National Institute of Allergy andInfectious Diseases (NIAID) http://www.niaid.nih.gov
FOR IMMEDIATE RELEASE
Monday, December 17, 20015:00 p.m.
In their quest to mass-produce an effective malaria vaccine, scientists might one day replace expensive manufacturing facilities with a goat. In a study reported December 18 in the Proceedings of the National Academy of Sciences online, researchers developed mice that could secrete an experimental malaria vaccine into their milk. When the purified candidate vaccine was injected into monkeys, it protected four out of five animals from a lethal dose of the malaria parasite. If the process can be scaled up to larger animals such as goats-and early experiments indicate it can-livestock might prove to be inexpensive, high-yield malaria vaccine factories.
"A vaccine must not only be effective, it must be cheap to manufacture if it is to be used in those countries hit hardest by malaria," says lead author Anthony Stowers, Ph.D., a malaria researcher at the National Institute of Allergy and Infectious Diseases (NIAID). "Using transgenic animals to achieve both ends is an exciting possibility. If it works, a herd of several goats could conceivably produce enough vaccine for all of Africa."
Transgenic animals are so named because they contain a gene, called a transgene, from another individual or organism. For years transgenic animals, particularly mice, have been used to help scientists understand how genes work and interact with one another. More recently, researchers have introduced genes encoding specific proteins into animals to produce large quantities of those proteins for medical use. Dr. Stowers and his colleagues investigated whether transgenic animals could produce proteins for use in malaria vaccines.
Dr. Stowers and Louis Miller, M.D., chief of NIAID's Laboratory of Parasitic Diseases and the director of its Malaria Vaccine Development Unit, joined other investigators from NIAID and Genzyme Transgenics Corporation, Framingham, Mass., to produce two transgenic mouse strains. Each strain carried a form of the gene for a surface protein from the deadliest malaria parasite, Plasmodium falciparum. The researchers designed the transgenes to be switched on by the cells that line the mammary glands, such that the resulting proteins would be secreted into the animals' milk.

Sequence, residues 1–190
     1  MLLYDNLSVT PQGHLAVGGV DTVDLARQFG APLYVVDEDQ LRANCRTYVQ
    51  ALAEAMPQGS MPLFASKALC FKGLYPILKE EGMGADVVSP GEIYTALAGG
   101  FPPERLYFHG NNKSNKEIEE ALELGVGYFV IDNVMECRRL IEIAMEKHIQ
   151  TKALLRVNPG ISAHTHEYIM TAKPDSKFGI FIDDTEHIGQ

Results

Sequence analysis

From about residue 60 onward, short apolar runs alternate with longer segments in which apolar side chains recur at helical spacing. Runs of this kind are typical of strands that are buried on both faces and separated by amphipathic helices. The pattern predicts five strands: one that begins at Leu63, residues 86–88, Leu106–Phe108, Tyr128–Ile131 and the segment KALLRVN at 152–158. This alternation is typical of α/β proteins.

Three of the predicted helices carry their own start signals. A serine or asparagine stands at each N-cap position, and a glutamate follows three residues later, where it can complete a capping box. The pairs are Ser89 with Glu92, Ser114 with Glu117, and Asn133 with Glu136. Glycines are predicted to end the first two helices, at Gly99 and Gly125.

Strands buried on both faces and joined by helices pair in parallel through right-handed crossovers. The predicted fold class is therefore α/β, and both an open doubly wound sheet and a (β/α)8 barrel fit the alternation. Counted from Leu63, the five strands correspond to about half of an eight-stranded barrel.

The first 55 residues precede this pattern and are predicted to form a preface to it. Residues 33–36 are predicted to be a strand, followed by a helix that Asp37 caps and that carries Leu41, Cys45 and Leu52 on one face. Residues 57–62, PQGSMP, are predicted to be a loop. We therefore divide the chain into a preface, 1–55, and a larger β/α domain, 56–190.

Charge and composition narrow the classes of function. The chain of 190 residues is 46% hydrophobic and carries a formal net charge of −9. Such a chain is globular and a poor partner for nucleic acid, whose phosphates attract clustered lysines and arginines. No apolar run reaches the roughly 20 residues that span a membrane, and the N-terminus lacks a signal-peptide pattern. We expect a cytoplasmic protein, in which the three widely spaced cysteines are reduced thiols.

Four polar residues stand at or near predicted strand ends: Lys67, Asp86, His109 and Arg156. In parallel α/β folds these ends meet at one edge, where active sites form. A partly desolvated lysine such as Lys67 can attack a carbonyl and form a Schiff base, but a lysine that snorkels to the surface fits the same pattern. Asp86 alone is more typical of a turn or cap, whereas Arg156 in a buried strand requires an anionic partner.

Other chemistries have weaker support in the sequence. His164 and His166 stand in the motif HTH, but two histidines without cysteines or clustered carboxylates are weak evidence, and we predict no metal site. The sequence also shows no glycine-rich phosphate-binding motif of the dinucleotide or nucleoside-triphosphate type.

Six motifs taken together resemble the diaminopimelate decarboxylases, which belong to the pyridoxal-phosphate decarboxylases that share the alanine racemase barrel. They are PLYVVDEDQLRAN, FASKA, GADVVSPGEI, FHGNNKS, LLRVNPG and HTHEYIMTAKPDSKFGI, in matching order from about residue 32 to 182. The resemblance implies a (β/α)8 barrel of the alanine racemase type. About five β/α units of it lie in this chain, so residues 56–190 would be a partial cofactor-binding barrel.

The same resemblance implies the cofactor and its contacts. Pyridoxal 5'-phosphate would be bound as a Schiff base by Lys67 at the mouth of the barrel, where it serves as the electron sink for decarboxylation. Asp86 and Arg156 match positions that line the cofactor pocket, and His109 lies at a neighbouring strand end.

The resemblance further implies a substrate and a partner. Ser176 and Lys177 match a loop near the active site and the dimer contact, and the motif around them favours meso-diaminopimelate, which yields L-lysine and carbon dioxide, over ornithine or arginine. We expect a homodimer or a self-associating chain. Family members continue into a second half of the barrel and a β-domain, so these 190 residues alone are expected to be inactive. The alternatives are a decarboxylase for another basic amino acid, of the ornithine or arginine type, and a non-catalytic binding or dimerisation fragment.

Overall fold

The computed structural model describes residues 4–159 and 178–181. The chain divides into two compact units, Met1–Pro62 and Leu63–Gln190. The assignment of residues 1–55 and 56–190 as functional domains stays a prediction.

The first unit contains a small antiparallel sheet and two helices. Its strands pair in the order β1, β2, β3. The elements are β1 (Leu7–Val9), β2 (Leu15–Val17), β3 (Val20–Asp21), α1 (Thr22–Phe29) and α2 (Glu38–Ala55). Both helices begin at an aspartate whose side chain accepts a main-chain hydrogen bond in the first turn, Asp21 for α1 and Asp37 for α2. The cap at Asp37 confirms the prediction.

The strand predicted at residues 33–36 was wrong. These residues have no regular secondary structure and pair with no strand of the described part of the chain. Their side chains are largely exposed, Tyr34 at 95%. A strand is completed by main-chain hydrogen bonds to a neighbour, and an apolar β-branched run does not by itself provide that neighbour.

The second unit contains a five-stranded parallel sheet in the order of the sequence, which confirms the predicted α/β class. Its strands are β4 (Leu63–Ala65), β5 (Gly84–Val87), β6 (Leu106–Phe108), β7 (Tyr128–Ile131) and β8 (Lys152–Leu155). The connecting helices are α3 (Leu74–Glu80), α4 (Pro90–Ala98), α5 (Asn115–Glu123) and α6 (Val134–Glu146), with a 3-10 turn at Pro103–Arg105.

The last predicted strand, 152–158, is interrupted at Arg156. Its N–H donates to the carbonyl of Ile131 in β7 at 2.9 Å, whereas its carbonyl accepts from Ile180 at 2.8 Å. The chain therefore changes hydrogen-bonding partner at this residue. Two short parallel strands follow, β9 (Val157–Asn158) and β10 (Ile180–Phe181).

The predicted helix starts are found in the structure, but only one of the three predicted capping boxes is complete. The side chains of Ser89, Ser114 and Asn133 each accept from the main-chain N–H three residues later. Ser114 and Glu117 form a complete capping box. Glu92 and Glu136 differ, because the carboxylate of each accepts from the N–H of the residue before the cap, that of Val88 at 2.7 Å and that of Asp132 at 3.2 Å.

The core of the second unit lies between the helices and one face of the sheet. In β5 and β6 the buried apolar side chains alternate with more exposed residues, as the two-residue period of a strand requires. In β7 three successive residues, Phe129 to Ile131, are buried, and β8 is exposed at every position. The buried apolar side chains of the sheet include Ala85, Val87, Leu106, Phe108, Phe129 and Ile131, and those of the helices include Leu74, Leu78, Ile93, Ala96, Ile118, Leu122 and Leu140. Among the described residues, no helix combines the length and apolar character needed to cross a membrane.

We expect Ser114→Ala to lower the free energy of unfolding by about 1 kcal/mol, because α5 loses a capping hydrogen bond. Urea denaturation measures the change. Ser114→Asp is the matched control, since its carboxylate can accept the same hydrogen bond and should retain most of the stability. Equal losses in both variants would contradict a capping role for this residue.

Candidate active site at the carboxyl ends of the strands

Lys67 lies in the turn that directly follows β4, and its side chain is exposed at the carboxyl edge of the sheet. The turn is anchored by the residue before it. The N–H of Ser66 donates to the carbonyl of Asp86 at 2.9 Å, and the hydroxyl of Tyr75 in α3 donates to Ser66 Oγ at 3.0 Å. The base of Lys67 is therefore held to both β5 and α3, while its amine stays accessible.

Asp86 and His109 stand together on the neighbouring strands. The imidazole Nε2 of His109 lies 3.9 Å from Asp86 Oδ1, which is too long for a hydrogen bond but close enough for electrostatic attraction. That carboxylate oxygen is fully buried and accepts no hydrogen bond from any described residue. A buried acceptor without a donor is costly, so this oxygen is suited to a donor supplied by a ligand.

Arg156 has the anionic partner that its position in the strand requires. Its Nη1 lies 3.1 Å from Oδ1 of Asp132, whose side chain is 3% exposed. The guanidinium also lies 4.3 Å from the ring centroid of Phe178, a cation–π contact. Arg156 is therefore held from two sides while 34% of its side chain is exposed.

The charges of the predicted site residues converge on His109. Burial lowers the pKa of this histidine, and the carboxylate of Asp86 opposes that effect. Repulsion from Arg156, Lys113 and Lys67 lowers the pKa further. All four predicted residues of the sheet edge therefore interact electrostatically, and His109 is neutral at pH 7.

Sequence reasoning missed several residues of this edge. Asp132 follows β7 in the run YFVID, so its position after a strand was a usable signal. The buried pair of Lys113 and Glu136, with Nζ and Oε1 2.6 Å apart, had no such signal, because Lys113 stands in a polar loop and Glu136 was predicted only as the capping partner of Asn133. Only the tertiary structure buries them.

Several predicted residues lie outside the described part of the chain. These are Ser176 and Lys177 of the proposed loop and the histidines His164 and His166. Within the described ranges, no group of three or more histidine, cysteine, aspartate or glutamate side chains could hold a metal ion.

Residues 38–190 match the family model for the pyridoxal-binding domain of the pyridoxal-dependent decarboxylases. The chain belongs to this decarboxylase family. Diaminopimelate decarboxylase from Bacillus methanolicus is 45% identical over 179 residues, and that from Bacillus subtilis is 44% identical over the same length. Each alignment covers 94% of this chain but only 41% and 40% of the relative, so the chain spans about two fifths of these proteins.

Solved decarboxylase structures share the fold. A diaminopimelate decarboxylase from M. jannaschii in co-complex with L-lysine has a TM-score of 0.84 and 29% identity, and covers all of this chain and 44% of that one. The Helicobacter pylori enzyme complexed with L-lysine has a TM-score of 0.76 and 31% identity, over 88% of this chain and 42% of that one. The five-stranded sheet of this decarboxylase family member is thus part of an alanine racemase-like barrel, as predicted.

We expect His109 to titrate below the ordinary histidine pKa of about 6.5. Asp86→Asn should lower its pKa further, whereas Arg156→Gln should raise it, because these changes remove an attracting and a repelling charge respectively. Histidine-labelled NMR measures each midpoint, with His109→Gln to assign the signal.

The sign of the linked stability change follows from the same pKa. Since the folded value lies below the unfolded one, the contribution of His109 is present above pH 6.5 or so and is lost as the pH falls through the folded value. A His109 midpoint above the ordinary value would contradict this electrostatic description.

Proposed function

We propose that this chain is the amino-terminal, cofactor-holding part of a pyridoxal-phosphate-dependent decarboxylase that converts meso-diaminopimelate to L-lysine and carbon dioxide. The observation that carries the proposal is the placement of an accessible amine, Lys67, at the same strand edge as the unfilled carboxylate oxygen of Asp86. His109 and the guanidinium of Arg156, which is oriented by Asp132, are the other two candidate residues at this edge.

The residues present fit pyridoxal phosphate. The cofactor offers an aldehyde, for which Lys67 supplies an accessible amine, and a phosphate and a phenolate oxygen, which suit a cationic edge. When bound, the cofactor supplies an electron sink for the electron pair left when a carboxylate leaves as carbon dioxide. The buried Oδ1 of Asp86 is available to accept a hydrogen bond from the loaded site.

Both mouse strains produced large quantities of the desired vaccine protein. When used to vaccinate monkeys, one of the proteins protected the animals against malaria: only one of five immunized monkeys contracted the disease. By comparison, six out of seven unvaccinated animals had to be treated for virulent malaria.
The high yield of the protein and its ability to stimulate protective immunity in mice offers promising evidence that the technique could also be used in goats or even cows. The researchers had anticipated future studies in goats by designing the transgenes' on/off switch using regulatory elements from goat DNA. Preliminary experiments, which have not yet been published, suggest the procedure works well in the larger animals. That possibility offers a far more practical option for large-scale vaccine production.
Anthony S. Fauci, M.D., who as NIAID director guides an extensive research program on global infectious diseases, believes this approach is promising. "Malaria causes untold suffering in the poorest regions of the world, so we cannot restrict our focus simply to finding a vaccine that works," he says. "Rather, we must look for innovative strategies that will bring effective vaccines to regions where economic conditions preclude the use of costly alternatives. Transgenic animals could be one way to accomplish that goal."
The study involved many researchers from the two participating institutions. Among these, Drs. Li-How Chen and Harry Meade directed the studies conducted at Genzyme Transgenics. B. Fenton Hall, M.D., from NIAID's Parasitology and International Programs Branch, also helped initiate the project and played an active role in its development.
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Last Updated December 17, 2001